Traveling immerses us in the world, but sometimes in the less eventful moments in between destinations, we just need to escape. “The Layover” is a weekly roundup of books, music, podcasts, and other forms of entertainment brought to you by your favorite world travelers.
This week, we reached out to Florian Trojer, a professional airline pilot based in Zurich, Switzerland. As the pilot of a Boeing 777, Florian spends his days at 43,000 feet, admiring the beauty of the world from above. Today, he discusses the entertainment he turns to during travel’s quieter moments.
Flying has never ceased to amaze me, though I have already spent thousands of hours in the air. It’s not the technicality or complexity of modern aviation that is hard for me to grasp, but the romantic, adventurous side of flying to a foreign country, sitting in a jet traveling at 600 miles per hour. Crossing war-torn countries, snow-capped mountain ranges, and deserts all within hours while completely at ease in the comfort of a cabin at room temperature with adequate air pressure.
“Wind, Sand and Stars,” a memoir written by French aviator-turned-writer Antoine de Saint-Exupery, takes you back to a time when aviation was still only for the brave — and often the foolish. You get drawn back to an age when the earthly world was well discovered, but the skies surrounding it were still mystical and unknown.
Reading about the challenges and worries of early aviation and the adventure and friendship Saint-Exupery shared with his companions while flying across the Sahara Desert and the Mediterranean Ocean made me appreciate my office high above the earth in a humbling way. It is one of the greatest adventure books, and some say probably the best book ever written about flight.
This book is a hard one to swallow one for a dark, rainy day, or a harsh day on the road, for when you’d rather be by yourself instead of among crowds.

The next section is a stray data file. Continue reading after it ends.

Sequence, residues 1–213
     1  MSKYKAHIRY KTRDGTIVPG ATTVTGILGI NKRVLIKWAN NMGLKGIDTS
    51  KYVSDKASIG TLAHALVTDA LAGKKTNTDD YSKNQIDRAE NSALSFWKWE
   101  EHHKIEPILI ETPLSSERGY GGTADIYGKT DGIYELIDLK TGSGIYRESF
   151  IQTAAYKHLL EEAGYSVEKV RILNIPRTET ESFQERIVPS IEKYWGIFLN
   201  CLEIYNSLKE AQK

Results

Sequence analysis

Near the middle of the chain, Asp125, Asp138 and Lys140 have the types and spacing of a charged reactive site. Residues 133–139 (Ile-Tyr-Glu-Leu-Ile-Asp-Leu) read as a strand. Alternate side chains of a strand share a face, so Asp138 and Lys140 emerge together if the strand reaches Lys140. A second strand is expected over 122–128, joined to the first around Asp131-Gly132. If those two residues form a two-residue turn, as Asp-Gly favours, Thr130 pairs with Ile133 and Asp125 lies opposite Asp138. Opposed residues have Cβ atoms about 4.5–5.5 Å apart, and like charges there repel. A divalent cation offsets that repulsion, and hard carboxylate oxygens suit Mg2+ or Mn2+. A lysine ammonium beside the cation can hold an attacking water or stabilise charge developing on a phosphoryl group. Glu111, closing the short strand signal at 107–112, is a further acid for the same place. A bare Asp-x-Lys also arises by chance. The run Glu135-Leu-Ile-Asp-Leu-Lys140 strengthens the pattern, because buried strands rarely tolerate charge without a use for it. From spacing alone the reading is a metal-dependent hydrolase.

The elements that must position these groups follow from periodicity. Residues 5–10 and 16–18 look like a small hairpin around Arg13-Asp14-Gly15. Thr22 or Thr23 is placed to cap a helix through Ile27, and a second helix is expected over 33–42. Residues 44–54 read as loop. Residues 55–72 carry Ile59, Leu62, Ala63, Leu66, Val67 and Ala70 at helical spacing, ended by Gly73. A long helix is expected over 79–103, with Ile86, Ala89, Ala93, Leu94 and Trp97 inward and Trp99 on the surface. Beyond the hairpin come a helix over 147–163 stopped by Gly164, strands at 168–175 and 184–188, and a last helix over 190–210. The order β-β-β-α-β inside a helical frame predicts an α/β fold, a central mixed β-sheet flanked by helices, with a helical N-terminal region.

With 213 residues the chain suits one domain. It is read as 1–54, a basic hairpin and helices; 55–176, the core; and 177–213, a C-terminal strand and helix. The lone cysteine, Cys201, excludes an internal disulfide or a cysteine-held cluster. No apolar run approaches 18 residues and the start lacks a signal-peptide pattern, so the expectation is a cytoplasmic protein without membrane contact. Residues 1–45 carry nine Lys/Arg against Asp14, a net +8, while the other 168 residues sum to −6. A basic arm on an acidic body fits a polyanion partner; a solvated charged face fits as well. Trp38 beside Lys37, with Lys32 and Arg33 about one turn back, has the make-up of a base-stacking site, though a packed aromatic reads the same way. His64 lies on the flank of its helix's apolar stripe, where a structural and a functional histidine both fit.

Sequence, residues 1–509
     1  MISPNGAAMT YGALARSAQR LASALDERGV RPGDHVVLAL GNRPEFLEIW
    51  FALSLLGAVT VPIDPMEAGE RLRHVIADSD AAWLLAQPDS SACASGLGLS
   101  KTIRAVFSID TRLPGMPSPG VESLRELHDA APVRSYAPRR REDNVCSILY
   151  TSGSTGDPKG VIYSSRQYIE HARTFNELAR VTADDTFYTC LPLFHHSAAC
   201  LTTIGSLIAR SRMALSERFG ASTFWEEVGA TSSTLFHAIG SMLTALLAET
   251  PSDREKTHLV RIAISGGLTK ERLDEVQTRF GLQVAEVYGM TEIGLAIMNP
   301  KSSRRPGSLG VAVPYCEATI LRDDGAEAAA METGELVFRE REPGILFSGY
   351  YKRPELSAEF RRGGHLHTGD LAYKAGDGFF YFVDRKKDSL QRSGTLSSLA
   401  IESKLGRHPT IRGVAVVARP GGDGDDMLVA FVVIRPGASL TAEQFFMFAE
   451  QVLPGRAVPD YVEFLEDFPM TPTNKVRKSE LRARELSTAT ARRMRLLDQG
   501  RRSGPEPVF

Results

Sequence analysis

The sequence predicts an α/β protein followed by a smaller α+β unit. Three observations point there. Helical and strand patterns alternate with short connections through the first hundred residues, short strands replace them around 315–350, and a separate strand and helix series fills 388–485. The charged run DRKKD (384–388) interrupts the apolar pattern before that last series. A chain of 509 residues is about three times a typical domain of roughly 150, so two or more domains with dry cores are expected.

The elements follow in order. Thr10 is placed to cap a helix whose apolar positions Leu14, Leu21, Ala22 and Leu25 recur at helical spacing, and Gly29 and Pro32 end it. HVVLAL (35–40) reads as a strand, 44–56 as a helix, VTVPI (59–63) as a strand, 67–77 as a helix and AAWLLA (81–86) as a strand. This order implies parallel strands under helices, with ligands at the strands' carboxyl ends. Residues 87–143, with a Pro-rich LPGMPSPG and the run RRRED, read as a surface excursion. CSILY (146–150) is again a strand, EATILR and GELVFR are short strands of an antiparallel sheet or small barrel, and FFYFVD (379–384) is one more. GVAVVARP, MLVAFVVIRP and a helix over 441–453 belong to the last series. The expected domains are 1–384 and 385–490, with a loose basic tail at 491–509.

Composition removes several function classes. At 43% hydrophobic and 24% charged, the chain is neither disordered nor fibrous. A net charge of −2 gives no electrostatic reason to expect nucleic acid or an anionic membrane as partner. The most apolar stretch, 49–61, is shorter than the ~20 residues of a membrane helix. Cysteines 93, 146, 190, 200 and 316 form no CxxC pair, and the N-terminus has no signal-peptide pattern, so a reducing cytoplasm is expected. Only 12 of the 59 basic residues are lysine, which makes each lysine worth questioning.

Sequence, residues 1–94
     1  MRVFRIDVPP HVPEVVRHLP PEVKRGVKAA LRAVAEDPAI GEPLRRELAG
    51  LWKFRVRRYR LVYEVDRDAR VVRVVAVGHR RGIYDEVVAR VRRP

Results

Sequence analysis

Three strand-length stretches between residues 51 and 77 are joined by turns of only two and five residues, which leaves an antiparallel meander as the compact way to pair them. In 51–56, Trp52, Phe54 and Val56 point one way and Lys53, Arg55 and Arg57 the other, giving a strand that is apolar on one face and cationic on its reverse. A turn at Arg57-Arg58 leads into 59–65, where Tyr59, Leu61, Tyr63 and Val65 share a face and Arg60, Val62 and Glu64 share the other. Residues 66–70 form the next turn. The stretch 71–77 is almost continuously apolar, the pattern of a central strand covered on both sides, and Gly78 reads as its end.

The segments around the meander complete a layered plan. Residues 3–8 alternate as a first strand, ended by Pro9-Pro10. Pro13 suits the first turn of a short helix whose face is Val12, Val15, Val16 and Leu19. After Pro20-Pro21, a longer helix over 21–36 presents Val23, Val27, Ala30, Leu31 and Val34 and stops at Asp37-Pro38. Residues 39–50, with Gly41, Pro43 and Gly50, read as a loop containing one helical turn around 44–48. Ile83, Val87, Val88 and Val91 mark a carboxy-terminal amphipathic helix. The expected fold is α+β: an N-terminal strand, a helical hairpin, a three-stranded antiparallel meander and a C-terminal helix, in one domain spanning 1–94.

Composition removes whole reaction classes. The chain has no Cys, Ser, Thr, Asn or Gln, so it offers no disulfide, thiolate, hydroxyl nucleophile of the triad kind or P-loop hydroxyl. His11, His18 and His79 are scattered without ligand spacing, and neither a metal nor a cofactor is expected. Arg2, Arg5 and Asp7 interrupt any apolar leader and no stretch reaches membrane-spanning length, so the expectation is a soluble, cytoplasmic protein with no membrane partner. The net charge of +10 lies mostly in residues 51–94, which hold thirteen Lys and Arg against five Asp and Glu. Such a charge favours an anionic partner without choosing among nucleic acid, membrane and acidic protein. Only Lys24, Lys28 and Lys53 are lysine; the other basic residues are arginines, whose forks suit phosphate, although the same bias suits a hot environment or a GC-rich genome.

It takes place in Norway, a country many travelers adore both for its warm and welcoming people and its gorgeous landscapes seemingly out of a photographer’s dream. The country suffered its most horrific terrorist attack in 2011, when 77 people — mostly teenagers — were killed by a single mad man.
The book discusses the youth and upbringing of the killer-to-be and his preparations, but most importantly the backstory of five of the victims. It’s a real punch in the gut to read on, knowing what’s to come — and at times you will consider just putting the book away and stopping. The written account is well researched by Seierstad, and treats the victims and their families with dignity. She tells a story that needs to be told, that has become inseparable with the history of a country, and you’ll have difficulty not reading cover to cover in one go.
“Rocket Man” by Elton John
Some scenes in your life just have a song firmly attached to them. You can’t possibly think back on them without hearing that music playing in the background. For me, “Rocket Man” is the ultimate “climbing out of Los Angeles at sunset” tune. Though prominently featured at the end of the recent TV series “Californication,” it was actually produced decades earlier by Elton John.
As we speed down the runway at almost 200 mph and lift off the ground, we pass over the beautiful SoCal beaches and head for the Pacific Ocean.
Our departures are always scheduled for early evening, so sometimes we are lucky enough to get airborne just after sunset. The most surreal feeling is actually seeing the sun come back up again from below the horizon line as you gain altitude for a minute or two. You get two sunsets and one sunrise, all within minutes.
We soon turn around 180 degrees, heading toward the coast again, bound for Europe. The millions of lights filling the Los Angeles basin below and the San Bernardino mountains in the dark distance is a sight that regularly takes my breath away and makes me feel like a “rocket man,” bound for the darkness of space, looking down on Earth from the office with the best view in the world.